Biochemistry of cheese flavor development: insight from genomic studies of lactic acid bacteria
Contribution to Book
Flavor of Dairy Products
K. R. Caldwaller, M. A. Drake, and R. J. McGorrin
American Chemical Union
To attain characteristic flavor and body attributes, many cheese varieties must be ripened at low temperature for months or even years. Because flavorful cheese has premium value as a food or food ingredient, there is considerable industrial interest in technologies to accelerate the ripening process. Research has shown that the lactic acid bacteria (LAB) present in the cheese matrix have a central role in flavor development, so effective strategies to accelerate or intensify cheese flavor can be derived from a more fundamental understanding of LAB physiology in milk and cheese environments. Although many details must still be elucidated, current knowledge indicates LAB influence cheese flavor development via several key mechanisms including proteolysis, amino acid metabolism, lipase/esterase activity and citrate utilization. This paper provides an overview of these reactions and addresses recent genomic-based advancements that are driving current research to understand how LAB influence cheese flavor development.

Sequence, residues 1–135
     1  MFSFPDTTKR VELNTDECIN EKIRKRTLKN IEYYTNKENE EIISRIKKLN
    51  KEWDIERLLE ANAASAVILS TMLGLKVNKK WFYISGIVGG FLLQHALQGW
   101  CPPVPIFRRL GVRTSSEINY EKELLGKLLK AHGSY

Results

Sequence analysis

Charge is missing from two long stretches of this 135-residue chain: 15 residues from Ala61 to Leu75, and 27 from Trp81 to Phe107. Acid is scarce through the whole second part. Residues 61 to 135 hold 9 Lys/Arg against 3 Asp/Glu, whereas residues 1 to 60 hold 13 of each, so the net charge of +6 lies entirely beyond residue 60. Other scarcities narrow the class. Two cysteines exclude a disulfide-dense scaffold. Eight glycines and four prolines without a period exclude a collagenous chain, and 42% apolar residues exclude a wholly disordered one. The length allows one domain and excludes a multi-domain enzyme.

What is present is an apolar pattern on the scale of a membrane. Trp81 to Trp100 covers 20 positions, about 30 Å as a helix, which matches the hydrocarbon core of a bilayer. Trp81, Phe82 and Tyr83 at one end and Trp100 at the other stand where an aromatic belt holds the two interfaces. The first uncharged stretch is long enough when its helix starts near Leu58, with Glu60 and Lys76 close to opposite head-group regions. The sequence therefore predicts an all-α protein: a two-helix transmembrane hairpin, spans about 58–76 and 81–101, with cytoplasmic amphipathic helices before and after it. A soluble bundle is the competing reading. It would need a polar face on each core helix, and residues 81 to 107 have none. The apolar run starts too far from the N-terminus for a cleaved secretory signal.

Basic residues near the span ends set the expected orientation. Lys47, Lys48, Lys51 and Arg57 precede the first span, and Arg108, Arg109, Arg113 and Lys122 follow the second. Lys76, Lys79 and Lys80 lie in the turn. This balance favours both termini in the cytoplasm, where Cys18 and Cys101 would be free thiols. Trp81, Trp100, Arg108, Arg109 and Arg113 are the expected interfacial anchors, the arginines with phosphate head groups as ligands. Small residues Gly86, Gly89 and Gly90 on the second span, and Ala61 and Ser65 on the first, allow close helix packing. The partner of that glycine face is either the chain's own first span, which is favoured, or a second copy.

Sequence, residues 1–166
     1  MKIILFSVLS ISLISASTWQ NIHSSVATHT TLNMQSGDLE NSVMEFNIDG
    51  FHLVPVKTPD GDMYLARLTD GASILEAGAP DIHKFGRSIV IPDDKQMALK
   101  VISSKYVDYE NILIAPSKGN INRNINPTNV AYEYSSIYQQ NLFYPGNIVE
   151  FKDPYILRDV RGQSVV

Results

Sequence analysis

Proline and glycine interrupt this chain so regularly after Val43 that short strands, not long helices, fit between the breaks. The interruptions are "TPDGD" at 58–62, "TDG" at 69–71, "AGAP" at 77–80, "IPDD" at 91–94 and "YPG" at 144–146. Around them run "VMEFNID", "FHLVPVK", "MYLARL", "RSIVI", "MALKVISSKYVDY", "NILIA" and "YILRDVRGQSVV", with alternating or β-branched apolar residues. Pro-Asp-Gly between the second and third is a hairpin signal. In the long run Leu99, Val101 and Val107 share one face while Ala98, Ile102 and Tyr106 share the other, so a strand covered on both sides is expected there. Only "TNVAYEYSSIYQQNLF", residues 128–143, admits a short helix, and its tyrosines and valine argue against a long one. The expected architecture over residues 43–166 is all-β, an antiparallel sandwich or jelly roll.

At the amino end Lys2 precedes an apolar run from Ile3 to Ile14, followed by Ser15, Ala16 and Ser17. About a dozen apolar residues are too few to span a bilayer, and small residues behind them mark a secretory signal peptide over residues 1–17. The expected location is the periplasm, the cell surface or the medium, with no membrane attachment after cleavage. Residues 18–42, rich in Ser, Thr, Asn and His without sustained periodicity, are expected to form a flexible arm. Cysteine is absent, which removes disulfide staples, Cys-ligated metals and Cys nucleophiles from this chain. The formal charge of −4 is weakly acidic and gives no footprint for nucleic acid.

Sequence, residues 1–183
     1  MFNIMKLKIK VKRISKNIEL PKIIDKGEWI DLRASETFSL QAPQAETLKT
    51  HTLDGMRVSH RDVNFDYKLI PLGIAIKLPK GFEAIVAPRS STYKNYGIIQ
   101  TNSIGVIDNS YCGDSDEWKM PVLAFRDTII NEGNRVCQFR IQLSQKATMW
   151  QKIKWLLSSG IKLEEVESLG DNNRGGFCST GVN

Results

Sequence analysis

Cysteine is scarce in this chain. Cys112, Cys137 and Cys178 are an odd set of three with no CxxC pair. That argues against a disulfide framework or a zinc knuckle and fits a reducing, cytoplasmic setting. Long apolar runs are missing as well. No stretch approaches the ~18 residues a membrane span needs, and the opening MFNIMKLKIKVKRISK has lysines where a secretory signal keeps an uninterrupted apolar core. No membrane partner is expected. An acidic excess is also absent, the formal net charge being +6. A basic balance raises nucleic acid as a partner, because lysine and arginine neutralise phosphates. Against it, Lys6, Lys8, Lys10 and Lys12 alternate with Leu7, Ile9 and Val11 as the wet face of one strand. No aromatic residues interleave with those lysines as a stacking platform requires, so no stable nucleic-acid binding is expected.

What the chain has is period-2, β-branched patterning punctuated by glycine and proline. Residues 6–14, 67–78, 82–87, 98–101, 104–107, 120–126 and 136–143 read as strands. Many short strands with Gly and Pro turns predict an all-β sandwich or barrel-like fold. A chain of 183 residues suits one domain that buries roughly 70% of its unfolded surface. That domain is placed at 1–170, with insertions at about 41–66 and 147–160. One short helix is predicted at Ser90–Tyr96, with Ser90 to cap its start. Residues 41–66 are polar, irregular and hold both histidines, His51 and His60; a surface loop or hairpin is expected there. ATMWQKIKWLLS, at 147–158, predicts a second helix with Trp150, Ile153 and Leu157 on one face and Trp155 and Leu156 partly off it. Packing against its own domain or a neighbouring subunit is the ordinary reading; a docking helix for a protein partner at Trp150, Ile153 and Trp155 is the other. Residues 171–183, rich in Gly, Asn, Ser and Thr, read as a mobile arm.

Broadbent, J. R., and J. L. Steele. 2007. Biochemistry of cheese flavor development: insight from genomic studies of lactic acid bacteria, pp. 177-192. In K. R. Caldwaller, M. A. Drake, and R. J. McGorrin (eds.), Flavor of Dairy Products. Amer. Chem. Soc., Washington, DC.
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